There are some pretty ugly print-on-demand versions of Burroughs' work available at the moment, so it's unsurprising that most readers prefer the classier old Ace editions.
Tuesday, February 24, 2009
We just finished helping a lost delivery driver find the Main Street store. In the back of his truck was a pallet of remainders (new books returned to publishers and sold by us at approximately one-third to one-half their original Canadian cover price) to be divided between the Main Street and Kitsilano stores, including titles by Lacan, Rilke, Ryu Murakami, and about a hundred pounds of miscellaneous Shambhala Press books on Zen Buddhism, Japanese swordsmanship, and Asian martial arts.
It's pretty full in here this afternoon.
We started ordering new books for customers in 2005, and for shelf stock in mid-2007. As of this morning, we have around 1400 different new titles on the shelves. All our new books are 20% off Canadian cover price, and are a mix of books that we get asked for every day, books that we've read and liked ourselves or that friends of the store have recommended to us, or books that looked really appealing in a publisher's catalog.
Just for fun, here's our current top ten best sellers of all time:
1. Watchmen, by Alan Moore and Dave Gibbons
2. Blood Meridian, by Cormac McCarthy
3. Eat Pray Love, by Elizabeth Gilbert
4. The Road, by Cormac McCarthy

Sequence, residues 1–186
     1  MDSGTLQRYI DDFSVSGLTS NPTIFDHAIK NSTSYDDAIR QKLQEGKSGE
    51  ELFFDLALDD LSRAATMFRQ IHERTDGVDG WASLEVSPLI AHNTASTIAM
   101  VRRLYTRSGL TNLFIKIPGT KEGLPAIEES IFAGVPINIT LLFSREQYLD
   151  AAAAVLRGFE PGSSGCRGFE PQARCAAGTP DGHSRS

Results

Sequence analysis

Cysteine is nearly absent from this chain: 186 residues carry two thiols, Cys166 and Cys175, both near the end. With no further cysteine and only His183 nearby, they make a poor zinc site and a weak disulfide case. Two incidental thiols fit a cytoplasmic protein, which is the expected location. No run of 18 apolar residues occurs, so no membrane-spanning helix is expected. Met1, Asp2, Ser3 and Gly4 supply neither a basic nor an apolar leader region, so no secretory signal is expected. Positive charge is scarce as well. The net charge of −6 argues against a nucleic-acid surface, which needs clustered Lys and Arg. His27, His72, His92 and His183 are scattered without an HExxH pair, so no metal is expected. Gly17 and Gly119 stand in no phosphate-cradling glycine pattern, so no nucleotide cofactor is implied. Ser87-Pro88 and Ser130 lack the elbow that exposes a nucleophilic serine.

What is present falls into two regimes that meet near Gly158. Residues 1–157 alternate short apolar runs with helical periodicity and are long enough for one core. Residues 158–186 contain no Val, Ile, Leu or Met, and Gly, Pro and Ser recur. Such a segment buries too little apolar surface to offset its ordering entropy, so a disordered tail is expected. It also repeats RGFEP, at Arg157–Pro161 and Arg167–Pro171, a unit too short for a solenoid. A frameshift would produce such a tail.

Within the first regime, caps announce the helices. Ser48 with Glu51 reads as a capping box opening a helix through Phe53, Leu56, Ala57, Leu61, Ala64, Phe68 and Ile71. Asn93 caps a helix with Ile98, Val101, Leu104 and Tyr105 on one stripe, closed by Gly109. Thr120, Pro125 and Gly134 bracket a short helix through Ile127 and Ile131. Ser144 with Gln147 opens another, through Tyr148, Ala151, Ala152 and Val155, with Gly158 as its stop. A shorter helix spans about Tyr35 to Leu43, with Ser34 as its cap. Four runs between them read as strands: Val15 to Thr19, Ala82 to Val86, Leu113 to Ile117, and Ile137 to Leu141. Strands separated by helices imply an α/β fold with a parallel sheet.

5. The Wind-Up Bird Chronicle, by Haruki Murakami
6. Post Office, by Charles Bukowski
7. Three Cups of Tea, by Greg Mortenson
8. The Omnivore's Dilemma, by Michael Pollan
9. World War Z: An Oral History of the Zombie War, by Max Brooks
10. Shantaram, by Gregory David Roberts
Monday, February 23, 2009
One of our favorite book scouts just returned from a public sale on Vancouver Island with over 1500 titles in tow, which will be hitting the shelves over the next few days. Lots of science fiction, fantasy, contemporary literature and pocketbook classics. Highlights so far: a trade paperback original (TPBO) of Neal Stephenson's Snow Crash ($29.95, as opposed to the $2500+ USD hardcover printing), an obscure Bulgakov study on Moliere, and a nice run of vintage Graham Greene Penguin paperbacks with the attractive orange spines.
(Illustrated: Snow Crash's super-pricy, super-rare hardcover first edition)
New issue of Robin Bougie's Cinemasewer, one of our favorite zines, devoted to "classic films in the exploitation, blaxploitation, sexploitation, horror, and porn genres" (Wikipedia). Launch party on February 28th at the JEM Gallery, 225 East Broadway, just around the corner from PFB Main Street. Copies available from us any time after March 1st.
Queer Mennonite author Jan Guenther Braun reads from her new novel Somewhere Else in Main Street's front room (2422 Main Street @ Broadway) on Tuesday February 24th from 7-9pm. Miriam Toews likes the book and so do we. Free admission; books and beverages available for sale. If you can't attend but would like a signed copy held for you, please drop us a line.